Great Britain

Reducing migration has little to do with Brexit – we've had a points-based system since 2008

If Brexit is supposed to mean anything, it’s that the UK will "take back control", including a tighter grip on migration.

The one and only policy Boris Johnson has repeatedly proposed since the EU referendum is that Brexit means the UK can launch its own Australian-style points-based immigration system. Johnson has promised that this will mean a cut in immigration. But if Brexit is stopped, then there can be no points-based system and migration will rise. This is a core campaign manifesto pledge that his appeal to voters rests on.

The problem with Johnson's only "new" idea on immigration isn't that it's a house of cards, but a stinking pack of lies. It's time he was called out.

Download the new Indpendent Premium app

Sharing the full story, not just the headlines

Let's start with the biggest fib of all. Johnson claims only Brexit can enable a points-based immigration system. The Tory manifesto clearly states that a post-Brexit "future relationship" with the EU "will allow" the UK to "introduce" a points-based system.

Indeed, the Conservatives appear committed to starting a points-based system. Just before the election, Home Secretary Priti Patel asked the Migration Advisory Committee to consult on how such a system can be "introduced".

But the UK already has a points-based immigration system. It's even modelled on Australia's. How would Brexit be required to have a system that’s already in place?

Britain's points-based system was launched over a decade ago in 2008 – by a Labour government. 

But perhaps neither Johnson nor Patel understand how immigration policy works or what to do about it. If they did, they would know the Home Office has made several updates to its guidelines on how the points-based system we have in place works, including only a fortnight ago, and changing how it operates since Labour was last in power. It almost makes me feel bad for the chair of the Migration Advisory Committee who will eventually have to tell the government they have literally asked them to reinvent the wheel.

This leads to the second big fib. Johnson promises that any points-based system would cut immigration. This is also completely untrue. 

Australia launched its system specifically to attract an increase in migration: those who met the points threshold could live and work in the country. 

The UK subjects only non-EU citizens to its points-based system. The government could cut their numbers virtually to zero if they wanted: the fact is that non-EU migration reached the highest levels on record under Conservative governments.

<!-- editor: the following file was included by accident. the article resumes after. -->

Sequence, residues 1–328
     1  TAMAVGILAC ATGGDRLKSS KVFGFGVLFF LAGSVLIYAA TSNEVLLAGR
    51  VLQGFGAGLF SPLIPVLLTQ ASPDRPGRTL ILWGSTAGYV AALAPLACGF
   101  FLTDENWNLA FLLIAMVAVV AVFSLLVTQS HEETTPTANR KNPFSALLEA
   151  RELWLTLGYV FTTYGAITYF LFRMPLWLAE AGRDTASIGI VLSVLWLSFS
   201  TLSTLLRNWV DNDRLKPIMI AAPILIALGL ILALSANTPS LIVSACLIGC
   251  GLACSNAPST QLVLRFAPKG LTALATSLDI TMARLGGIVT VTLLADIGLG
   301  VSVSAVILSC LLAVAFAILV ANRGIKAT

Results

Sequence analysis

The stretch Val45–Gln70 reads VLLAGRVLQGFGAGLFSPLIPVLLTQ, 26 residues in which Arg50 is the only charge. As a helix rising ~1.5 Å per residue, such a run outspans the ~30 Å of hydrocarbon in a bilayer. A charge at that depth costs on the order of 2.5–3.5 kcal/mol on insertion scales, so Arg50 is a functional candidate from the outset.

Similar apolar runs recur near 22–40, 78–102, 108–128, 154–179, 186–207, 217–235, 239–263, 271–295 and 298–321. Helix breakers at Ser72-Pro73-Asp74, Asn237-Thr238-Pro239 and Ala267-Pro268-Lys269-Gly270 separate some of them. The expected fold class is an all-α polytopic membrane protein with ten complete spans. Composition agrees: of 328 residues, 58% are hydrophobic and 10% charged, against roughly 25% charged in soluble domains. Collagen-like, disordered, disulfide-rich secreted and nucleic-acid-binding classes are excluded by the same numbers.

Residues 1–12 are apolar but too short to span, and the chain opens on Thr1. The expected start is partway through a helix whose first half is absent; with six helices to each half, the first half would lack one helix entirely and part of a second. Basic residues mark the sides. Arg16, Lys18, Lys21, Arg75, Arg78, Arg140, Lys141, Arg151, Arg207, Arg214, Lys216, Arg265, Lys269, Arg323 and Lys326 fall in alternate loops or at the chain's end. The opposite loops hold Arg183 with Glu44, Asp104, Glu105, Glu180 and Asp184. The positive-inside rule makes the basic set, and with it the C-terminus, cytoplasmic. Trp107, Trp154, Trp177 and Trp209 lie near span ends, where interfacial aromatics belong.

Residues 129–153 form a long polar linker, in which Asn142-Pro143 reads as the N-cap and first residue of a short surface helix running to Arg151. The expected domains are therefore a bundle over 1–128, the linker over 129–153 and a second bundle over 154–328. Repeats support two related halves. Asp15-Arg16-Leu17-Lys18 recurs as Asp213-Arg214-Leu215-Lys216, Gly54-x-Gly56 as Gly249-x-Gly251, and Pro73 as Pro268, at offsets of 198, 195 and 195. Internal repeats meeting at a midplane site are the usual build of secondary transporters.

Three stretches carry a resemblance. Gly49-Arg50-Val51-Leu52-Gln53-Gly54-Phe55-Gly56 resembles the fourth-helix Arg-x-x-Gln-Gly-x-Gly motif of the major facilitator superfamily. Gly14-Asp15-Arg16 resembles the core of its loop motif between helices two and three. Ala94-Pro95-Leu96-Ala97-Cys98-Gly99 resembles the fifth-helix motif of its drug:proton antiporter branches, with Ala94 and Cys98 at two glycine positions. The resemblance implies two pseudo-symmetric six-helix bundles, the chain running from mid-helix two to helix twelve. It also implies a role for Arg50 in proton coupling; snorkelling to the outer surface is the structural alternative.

In the latest net migration figures, the Office for National Statistics confirms that not only is there a points-based system in operation but also that non-EU citizens coming to Britain through this system increased by 11 per cent over last year – "the highest level since.. . the new system was introduced" in 2008.

The prime minister is lying to the public on every count. Brexit is unnecessary to launch a points-based system. His government will most definitely not start such a system since it's been in place (thanks to Labour, not the Tories) and its use will not help numbers fall.

The big problem here is not migration numbers (and I am a migrant). Migrants bring net benefits, such as paying taxes, contributing to the economy, fulfilling vital posts in education and the NHS.

Yet Tory prime ministers have a history of promising immigration targets that are never met – and never intended to be met. The manifesto pledge to cut migration to tens of thousands, for example, was an election promise that Tories loved to break. 

Net migration isn't any one thing, but a collection of very different demographics – including British citizens and foreign students. Driving Brits out to meet an arbitrary goal is simply perverse. Labour is right to want it scrapped as it's been an unworkable focus for policy-making from the start. No wonder the government has quietly abandoned it.

In this election campaign, Johnson’s one and only "new" policy idea to "get Brexit done" isn't new and doesn’t work as he intends. It shows how cynical the prime minister’s propaganda machine must be, knowing they are deceiving people into voting for the opposite of what they've been promised.

But what is far, far worse is the long-term damage Johnson's personal ambition to hold power will do to public trust in our politicians and political system. For democracy's sake, he must pay an electoral price.

Thom Brooks is professor of law and government at Durham University